Written by Linda Portney Goldstein Friday, 26 August 2011 00:00
Life can be funny. Growing up in Glen Cove, John Melillo did not even know there was a Village of Sands Point just across Hempstead Harbor. Yet, in one of life’s quirky twists, John Melillo became an integral part of the Sands Point community, spending most of his adult life working as a Sands Point police officer. When Melillo retired after 41 years of service, many of the residents he served so loyally for so long, along with his fellow police officers, turned out to mark the occasion at a celebratory dinner at the Village Club.
John Melillo started his professional life with the Nassau County Department of Corrections, a job he took because it provided benefits and stability. It wasn’t too long before he realized the corrections department was not for him and he moved on to the Long Island Railroad Police Force with challenging assignments from Montauk to Brooklyn.
But Melillo was looking for something that would offer more personal gratification and he found it with the Sands Point Police Department. Melillo loved the community interaction afforded him by being part of a small police department. He got to know the village residents. He is able to recount many memorable, often humorous, experiences, like the time a raccoon was caught in an automatic garage door. Responding to the call, Officer Melillo suggested lowering the door and that worked. The raccoon scampered out unharmed. “There were many calls like that. Residents tended to call us for everything including frozen pipes. We always responded, did what we could and told them who to call. Our presence seemed reassuring.”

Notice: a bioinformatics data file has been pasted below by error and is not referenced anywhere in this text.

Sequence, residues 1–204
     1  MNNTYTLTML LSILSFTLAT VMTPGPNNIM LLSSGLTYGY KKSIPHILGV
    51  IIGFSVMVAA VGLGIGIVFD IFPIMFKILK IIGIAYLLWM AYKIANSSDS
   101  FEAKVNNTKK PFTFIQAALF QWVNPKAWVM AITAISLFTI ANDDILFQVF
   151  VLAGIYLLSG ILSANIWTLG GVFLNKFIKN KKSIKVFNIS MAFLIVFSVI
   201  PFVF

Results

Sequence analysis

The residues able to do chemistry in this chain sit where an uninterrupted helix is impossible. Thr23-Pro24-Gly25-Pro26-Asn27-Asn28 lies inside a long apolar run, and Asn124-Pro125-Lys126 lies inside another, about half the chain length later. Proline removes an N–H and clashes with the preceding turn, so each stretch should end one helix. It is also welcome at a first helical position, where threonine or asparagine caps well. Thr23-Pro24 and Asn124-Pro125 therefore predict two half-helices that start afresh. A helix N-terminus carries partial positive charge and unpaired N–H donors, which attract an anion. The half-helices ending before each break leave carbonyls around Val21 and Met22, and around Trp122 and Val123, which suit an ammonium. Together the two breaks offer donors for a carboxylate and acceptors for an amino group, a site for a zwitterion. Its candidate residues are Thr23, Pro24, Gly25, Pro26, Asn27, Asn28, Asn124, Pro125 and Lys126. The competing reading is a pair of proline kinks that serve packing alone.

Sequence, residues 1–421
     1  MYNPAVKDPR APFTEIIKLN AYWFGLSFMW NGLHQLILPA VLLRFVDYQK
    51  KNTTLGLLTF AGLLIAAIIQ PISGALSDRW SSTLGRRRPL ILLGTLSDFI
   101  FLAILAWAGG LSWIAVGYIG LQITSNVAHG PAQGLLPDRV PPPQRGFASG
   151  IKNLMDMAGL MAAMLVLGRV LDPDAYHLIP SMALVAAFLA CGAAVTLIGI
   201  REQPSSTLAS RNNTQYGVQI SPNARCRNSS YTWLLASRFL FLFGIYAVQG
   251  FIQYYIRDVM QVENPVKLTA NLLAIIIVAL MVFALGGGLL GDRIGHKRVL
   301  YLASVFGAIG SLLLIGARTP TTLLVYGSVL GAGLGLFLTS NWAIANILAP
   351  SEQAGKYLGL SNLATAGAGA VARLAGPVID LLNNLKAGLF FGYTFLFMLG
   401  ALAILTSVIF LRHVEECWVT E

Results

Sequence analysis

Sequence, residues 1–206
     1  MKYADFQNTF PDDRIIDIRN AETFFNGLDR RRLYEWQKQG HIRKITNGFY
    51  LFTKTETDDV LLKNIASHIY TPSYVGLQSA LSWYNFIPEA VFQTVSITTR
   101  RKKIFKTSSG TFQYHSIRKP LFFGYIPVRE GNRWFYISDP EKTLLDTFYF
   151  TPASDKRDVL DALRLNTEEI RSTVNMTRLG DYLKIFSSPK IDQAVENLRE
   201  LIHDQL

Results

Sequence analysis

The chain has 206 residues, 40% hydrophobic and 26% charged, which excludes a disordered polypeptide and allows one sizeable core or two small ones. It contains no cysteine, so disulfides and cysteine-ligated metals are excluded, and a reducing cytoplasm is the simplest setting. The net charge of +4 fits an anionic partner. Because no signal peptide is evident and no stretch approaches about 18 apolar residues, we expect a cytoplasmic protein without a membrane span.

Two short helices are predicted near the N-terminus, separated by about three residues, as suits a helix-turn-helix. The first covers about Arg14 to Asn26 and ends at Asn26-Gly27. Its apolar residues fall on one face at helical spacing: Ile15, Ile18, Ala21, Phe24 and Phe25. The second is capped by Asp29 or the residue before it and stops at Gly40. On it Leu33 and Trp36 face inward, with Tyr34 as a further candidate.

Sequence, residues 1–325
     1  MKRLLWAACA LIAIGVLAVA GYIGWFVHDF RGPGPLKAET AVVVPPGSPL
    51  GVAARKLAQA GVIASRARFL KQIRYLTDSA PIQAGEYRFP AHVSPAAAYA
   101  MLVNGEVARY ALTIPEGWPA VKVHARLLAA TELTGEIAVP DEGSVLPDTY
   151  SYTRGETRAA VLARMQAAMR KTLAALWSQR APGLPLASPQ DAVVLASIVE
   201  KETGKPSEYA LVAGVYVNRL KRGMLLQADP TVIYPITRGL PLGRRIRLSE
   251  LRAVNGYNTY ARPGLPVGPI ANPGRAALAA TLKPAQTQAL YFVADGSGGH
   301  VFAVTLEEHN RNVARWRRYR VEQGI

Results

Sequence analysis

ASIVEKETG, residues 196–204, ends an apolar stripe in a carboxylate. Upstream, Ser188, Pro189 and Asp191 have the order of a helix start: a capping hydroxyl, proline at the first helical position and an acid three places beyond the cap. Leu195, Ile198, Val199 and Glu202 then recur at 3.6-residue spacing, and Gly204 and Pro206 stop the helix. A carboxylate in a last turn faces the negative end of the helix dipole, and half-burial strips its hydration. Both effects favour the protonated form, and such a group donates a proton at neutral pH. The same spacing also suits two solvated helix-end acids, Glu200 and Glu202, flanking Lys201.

There were challenges to the job outside the line of duty, such as pay, benefits and poor equipment. Melillo remembers having to rent cars when the department was short of equipment and observing another police car as the light fell off the roof. Police cars were not air-conditioned and the men had to change into uniforms in a leaky basement. Melillo became an activist on the police force. He advocated for pay parity with the Nassau County Police Force, increased benefits and better working conditions. He eventually became PBA President and held that position for 23 years.
While Officer Melillo made his mark in the community and with his fellow officers, he also became a symbol of a bygone era, when people took a job for a lifetime. There was a sense of loyalty to the employer. In his job interview so many years ago, when asked, “How do we know how long you will stay?” His answer, “I don’t plan on leaving,” proved him to be a man of his word. Melillo says that for him it was easy. “I loved what I did. The people were great. I always wanted to be close to the community.”